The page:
When owners of Villa City, a 2,467-acre assemblage north of Groveland in Lake County, started working to get approvals to develop the land a couple of years ago there was one big problem: they couldn't show they had enough water available to sustain the thousands of homes planned.
"Villa City came in with a DRI (Development of Regional Impact) a couple of years ago and they hadn't identified the water demands of the project, and did not really define how they were going to obtain the water," said Richard Burklew, chief of water use regulations at the St. Johns River Water Management District.
It seems an unlikely problem, given that the land sits on sandy hills overlooking lakes in several directions. But this was a case of the old adage, "Water, water everywhere, nor any drop to drink."
While the fresh water beckons, regulators and lake dwellers frown on draining their lake levels down to quench the thirst of development. Draining swamps isn't an option either, as they recharge the underground aquifer and are protected.
Much of Central Florida has more trouble finding water sources than the coasts, where rivers and even desalination plants can be called into play. One potential water source, the St. John's River, is a fair distance away from the Lake County highlands.
The ownership, via various foreign LLCs with the root name Floribra-Villa City, has offered that no water pure enough for drinking would be used to water lawns.
Instead, Floribra-Villa City proposes to gather rainwater in storage ponds for irrigation use. The ponds would look different from the traditional individual retention ponds mowed close and unconnected to other wetlands.
The plan would group the ponds into a chain of natural looking water features, creating a wetlands system that would also give residents open space and park space.
The development plan also includes a classic technology rarely used today in the United States. Adding cisterns on homes would be encouraged to gather rainwater from the roof into a containment vessel for the home's use.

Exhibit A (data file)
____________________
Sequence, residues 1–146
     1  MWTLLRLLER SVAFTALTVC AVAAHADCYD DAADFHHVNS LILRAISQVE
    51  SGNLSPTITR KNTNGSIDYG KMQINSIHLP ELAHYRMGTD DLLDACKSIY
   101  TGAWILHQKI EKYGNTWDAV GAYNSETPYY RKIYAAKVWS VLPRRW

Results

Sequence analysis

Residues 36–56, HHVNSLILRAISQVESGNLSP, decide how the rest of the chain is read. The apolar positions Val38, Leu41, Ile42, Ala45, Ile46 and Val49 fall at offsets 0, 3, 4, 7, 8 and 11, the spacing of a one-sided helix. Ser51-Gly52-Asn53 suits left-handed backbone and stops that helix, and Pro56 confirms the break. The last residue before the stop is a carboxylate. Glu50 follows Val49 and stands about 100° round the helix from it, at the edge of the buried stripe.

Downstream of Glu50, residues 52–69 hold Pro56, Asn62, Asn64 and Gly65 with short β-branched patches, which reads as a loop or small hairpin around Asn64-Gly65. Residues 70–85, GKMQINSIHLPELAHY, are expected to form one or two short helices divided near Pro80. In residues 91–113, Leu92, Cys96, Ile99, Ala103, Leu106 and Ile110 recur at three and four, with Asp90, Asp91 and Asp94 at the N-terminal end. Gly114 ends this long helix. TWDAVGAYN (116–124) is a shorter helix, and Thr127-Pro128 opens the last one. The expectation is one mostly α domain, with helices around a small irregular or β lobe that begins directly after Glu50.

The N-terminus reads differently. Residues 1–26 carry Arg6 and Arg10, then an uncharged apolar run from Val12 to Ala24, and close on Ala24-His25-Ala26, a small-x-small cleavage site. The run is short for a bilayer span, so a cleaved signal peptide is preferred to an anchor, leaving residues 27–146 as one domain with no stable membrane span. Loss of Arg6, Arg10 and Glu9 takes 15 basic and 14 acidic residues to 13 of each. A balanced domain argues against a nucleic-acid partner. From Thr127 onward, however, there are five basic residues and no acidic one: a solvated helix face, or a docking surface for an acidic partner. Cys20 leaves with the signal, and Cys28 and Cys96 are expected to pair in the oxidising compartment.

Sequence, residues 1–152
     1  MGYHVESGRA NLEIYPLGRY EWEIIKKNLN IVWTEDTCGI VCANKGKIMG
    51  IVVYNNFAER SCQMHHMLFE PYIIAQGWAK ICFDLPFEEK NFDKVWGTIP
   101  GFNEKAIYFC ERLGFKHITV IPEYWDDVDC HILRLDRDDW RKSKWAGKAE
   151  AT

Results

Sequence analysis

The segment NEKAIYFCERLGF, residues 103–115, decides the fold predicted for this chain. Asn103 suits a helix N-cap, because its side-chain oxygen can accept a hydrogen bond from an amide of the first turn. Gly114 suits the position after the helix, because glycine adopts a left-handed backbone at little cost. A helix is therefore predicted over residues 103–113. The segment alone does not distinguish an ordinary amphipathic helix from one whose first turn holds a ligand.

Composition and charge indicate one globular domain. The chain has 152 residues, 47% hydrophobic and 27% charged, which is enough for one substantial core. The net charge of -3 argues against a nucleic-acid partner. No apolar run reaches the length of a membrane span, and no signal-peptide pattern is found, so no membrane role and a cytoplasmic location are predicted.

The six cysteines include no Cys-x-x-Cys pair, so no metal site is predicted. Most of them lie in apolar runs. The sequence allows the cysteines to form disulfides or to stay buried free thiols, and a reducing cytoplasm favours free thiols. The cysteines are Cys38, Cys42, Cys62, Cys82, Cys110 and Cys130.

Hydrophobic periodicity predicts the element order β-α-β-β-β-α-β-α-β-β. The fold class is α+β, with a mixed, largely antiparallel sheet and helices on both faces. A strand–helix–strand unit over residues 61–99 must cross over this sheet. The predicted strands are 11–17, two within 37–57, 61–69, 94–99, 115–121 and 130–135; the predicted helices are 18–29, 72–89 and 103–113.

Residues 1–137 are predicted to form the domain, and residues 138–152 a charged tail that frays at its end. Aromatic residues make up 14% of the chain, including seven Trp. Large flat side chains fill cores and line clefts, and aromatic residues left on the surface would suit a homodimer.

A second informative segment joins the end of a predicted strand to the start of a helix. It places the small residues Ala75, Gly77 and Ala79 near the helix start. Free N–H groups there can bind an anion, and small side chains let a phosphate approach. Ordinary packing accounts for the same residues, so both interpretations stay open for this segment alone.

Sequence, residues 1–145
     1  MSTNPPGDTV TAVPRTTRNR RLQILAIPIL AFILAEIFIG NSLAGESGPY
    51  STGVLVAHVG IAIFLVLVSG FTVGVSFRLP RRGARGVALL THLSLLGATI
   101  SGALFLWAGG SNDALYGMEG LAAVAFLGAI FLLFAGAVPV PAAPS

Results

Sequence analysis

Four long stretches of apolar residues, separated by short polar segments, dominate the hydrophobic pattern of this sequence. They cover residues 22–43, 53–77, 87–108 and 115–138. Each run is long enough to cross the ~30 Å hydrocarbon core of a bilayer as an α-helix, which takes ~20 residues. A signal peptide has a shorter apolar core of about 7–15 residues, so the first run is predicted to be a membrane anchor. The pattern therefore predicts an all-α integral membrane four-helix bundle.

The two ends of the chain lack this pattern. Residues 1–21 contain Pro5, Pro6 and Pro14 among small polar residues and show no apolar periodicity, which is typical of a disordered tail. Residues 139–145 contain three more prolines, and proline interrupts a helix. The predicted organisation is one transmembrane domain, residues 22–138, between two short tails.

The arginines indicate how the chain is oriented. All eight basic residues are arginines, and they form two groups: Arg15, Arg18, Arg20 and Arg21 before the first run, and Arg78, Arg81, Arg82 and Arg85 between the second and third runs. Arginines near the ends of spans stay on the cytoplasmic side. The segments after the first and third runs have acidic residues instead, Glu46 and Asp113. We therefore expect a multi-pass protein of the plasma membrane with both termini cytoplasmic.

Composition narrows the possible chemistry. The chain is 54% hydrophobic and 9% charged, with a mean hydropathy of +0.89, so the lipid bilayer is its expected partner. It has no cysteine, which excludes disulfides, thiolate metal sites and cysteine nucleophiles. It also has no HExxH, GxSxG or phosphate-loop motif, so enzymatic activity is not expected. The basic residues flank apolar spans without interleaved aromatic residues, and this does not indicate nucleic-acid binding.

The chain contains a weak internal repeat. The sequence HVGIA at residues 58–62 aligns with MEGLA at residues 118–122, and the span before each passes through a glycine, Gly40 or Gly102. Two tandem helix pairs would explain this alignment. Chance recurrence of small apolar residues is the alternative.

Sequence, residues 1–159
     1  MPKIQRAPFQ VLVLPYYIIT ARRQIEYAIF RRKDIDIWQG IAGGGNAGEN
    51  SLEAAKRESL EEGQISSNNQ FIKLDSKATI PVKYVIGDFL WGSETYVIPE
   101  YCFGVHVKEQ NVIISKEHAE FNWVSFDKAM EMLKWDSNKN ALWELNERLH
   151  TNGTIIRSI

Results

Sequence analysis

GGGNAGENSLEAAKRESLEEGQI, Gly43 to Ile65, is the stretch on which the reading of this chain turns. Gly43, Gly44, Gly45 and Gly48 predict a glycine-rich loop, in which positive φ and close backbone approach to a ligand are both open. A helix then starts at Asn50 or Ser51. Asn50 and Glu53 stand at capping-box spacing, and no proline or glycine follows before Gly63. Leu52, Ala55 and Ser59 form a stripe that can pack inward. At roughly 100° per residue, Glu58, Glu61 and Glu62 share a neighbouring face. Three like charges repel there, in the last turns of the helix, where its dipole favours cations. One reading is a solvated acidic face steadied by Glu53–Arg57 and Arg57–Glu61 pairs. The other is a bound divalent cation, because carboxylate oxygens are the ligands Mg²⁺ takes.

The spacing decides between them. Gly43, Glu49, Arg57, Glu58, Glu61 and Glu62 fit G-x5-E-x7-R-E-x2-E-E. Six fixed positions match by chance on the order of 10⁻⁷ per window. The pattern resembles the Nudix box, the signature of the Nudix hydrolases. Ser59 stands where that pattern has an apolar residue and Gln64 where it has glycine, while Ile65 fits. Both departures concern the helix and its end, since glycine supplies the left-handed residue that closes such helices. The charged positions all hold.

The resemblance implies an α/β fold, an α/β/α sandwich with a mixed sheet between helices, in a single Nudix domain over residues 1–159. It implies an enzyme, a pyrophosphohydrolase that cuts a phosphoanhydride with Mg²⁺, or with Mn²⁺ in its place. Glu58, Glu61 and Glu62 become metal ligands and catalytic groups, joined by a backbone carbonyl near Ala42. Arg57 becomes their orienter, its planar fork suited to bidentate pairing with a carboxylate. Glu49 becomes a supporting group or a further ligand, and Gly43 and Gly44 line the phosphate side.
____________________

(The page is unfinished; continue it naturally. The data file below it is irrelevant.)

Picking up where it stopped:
It's been more than a year since developers dropped off the plans for a mixed-use project that could more than double Groveland's current population by 2035 and not much has happened since the initial bout of excitement.
"The city (of Groveland) is encouraging of that," said George M. Kramer, director of planning for Littlejohn. "In addition to using less water we are preserving wetlands as part of the water capture and cleaning to be returned to the aquifer."
Villa City's water management plan has drawn praise from the St. John's River Water Management District regulators.
"It is very encouraging," said SJRWMD's Burklew. "To me this is a real big step. We don't have many places that say 'We won't use ground water,' particularly in this region."
The most recent plans for the community call for a total of 7,760 homes, made up of 2,579 single-family homes, 2,000 multifamily units, and 3,190 homes marketed for active adults.
Commercial development plans call for 300,000 square feet of office space, 100,000 square feet of industrial, 500,000 square feet of retail, a 400-bed assisted living facility and hotel with 150 rooms.
The land is southwest of the Florida Turnpike and bisected by U.S. 27. Villa City Road bisects its north-south axis.
Floribra-Villa City, the ownership entities traced to Saudi Arabian investors, are not likely to be develop Villa City, Kramer said. It will be marketed for sale to developers, for which there has been some interest already in portions, he added.